“Only six percent of Ukrainians feel unprepared to take on Russia’s invasion, and even during a winter marked by blackouts and shortages they feel more prepared to face the risk of energy supply disruption than any G7 public,” the report says.
Nothing short of a complete Russian withdrawal from Ukrainian territory, including Crimea, suffices for most Ukrainians (93%) as acceptable conditions for a ceasefire. Even the withdrawal of the Russian Federation from the previously occupied territories would be unacceptable to the majority of Ukrainians if it did not also include Crimea – only 11% would agree to this and only 7% would be satisfied with the withdrawal of Russian troops to the borders as of February 24, 2022. Another 1 percent would be ready to put up with today’s situation from the point of view of occupied territories.
“Premature peace negotiations, calls for which are particularly vocal in some Western capitals, would thus likely meet fierce resistance among the Ukrainian population,” authors conclude.
They note that, unlike some Western politicians, whose concerns about further military escalation seem to prevent stronger support, Ukrainians are not intimidated by Russian threats. As devastating as the use of a tactical nuclear weapon against a city or on the battlefield would be, an overwhelming majority of Ukrainians say they would still refuse to surrender if it occurred.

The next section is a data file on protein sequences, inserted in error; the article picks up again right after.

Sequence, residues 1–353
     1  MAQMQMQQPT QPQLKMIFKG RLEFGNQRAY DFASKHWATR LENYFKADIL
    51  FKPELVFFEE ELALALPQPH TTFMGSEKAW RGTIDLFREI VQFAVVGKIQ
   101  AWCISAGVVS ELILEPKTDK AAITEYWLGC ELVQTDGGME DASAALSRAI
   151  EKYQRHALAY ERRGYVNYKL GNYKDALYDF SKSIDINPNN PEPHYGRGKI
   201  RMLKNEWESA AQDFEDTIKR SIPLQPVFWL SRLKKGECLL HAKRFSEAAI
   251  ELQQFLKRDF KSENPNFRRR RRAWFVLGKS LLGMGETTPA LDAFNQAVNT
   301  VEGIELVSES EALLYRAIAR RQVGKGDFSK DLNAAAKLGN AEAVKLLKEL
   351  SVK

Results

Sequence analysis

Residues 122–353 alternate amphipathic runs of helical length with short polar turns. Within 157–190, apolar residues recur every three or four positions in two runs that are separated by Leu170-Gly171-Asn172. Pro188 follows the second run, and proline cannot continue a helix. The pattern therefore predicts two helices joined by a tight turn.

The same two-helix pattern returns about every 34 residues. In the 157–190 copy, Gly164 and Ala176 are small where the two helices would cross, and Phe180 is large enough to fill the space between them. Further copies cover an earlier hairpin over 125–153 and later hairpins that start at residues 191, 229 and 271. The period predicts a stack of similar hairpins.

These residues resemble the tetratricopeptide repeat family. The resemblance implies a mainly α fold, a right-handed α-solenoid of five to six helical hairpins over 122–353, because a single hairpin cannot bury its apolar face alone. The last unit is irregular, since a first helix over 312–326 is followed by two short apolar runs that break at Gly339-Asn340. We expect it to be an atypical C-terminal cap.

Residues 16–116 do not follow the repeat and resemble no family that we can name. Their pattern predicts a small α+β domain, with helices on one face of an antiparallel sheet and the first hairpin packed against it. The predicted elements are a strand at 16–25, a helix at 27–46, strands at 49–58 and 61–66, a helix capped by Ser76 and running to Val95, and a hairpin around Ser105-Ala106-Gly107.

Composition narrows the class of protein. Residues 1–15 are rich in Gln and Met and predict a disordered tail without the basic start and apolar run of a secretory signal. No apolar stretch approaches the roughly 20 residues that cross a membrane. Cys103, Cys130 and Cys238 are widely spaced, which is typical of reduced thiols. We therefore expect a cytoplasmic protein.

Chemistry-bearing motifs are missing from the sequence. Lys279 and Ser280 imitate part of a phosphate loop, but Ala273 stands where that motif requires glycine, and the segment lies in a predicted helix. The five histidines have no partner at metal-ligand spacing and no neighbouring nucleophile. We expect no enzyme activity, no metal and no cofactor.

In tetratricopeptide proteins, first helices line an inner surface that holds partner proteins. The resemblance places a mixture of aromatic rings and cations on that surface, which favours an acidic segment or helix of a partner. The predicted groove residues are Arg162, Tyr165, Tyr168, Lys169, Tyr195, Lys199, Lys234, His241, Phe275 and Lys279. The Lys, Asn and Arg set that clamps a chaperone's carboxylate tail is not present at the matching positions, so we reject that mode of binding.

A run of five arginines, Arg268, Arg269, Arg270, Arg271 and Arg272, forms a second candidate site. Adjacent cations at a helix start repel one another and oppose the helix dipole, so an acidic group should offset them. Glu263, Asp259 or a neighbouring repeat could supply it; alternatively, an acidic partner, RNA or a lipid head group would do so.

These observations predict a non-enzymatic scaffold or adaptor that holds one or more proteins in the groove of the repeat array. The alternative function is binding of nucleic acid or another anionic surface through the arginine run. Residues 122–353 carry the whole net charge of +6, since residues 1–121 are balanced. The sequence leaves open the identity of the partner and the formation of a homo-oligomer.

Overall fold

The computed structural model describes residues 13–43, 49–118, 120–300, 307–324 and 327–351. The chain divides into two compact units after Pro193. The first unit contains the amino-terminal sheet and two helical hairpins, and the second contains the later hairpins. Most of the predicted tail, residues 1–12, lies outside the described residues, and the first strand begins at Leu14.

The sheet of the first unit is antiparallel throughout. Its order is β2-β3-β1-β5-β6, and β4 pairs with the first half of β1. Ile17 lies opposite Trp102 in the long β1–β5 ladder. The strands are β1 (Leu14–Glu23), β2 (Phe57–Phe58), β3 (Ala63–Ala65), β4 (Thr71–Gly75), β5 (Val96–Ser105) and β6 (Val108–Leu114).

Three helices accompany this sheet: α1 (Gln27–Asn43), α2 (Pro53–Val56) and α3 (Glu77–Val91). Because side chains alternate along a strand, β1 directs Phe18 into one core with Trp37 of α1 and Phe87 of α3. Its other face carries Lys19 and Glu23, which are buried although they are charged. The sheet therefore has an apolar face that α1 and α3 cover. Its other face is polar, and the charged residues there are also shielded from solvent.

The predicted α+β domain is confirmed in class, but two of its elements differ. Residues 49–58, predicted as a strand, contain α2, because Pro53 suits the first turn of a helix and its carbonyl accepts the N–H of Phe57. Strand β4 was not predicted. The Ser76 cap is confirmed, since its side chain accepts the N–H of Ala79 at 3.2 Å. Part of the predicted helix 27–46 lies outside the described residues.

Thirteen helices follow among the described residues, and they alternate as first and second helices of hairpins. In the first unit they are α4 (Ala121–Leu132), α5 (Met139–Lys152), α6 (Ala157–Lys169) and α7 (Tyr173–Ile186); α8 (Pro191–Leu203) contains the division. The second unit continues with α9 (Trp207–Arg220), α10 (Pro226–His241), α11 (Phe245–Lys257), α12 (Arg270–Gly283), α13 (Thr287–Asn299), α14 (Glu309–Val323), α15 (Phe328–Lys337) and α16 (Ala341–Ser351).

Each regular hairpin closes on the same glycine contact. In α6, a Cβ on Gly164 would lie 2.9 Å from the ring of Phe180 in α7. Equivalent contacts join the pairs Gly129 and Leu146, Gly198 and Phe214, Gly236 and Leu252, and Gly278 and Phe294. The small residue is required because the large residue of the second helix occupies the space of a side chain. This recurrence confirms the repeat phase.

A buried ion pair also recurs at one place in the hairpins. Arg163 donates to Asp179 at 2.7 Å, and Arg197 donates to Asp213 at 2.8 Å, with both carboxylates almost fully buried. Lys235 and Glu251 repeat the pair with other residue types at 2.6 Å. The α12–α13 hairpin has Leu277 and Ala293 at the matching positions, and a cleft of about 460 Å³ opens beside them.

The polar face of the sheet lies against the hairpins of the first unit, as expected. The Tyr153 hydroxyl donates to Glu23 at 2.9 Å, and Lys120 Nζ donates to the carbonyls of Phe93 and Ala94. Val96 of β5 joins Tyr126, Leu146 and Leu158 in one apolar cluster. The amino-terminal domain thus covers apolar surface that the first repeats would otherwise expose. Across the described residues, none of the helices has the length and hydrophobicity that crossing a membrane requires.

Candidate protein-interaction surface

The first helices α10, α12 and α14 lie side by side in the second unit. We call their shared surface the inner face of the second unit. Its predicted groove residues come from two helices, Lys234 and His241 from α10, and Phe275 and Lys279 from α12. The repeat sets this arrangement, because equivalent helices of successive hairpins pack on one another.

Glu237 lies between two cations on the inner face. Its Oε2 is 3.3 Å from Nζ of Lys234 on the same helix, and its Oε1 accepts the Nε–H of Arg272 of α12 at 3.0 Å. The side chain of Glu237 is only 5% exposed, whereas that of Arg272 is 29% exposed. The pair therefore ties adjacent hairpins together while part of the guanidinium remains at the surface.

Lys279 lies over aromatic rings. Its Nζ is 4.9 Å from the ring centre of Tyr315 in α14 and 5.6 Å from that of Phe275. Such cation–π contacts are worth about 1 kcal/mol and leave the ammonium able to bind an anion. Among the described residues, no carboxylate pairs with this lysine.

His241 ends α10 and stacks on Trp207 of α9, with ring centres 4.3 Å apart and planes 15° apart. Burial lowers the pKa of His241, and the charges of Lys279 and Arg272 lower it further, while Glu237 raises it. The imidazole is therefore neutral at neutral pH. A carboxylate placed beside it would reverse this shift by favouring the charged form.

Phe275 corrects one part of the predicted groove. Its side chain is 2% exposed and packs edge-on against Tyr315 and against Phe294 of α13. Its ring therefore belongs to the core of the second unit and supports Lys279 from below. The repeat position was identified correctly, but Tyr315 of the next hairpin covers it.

Ukraine’s Western orientation is also unequivocal. The vast majority of Ukrainians want to live in a world shaped by European and, to a lesser extent, US rules.
The vast majority – 65% – also fears that Ukraine will never be safe without NATO, which is confirmed by the fact that Ukrainians have much less faith in the protection ensured by the EU than by NATO. Some 83% of respondents believe that there will be no security and peace as long as Putin is in power in the Kremlin.
Russian and Chinese visions of order “have virtually no purchase in Ukraine,” analysts emphasized.
Also, citizens of Ukraine are deeply aware of the long-term threat posed by Putin’s Russia, and mostly believe that they need security guarantees from the West. What they might look like is still unclear, but most Ukrainians believe that they will need constant arms supplies from the West.
Ukrainians assessed the response of various countries to Russia’s aggression. All G7 nations, as well as Turkey, are unequivocally positively evaluated by the respondents. But there are significant differences between them – which is not surprising, given the difference in the material support provided, the messages and the urgency with which countries responded to the war, the authors point out.
Great Britain leads the ranking, followed by the USA and Canada, while Western European countries lag behind English-speaking countries by about 30 percentage points. At the same time, Ukrainians perceive China and India particularly poorly, while all actors of the “Global South” are rated negatively in the rating.
As reported, the Munich Security Conference will be held on February 17-19.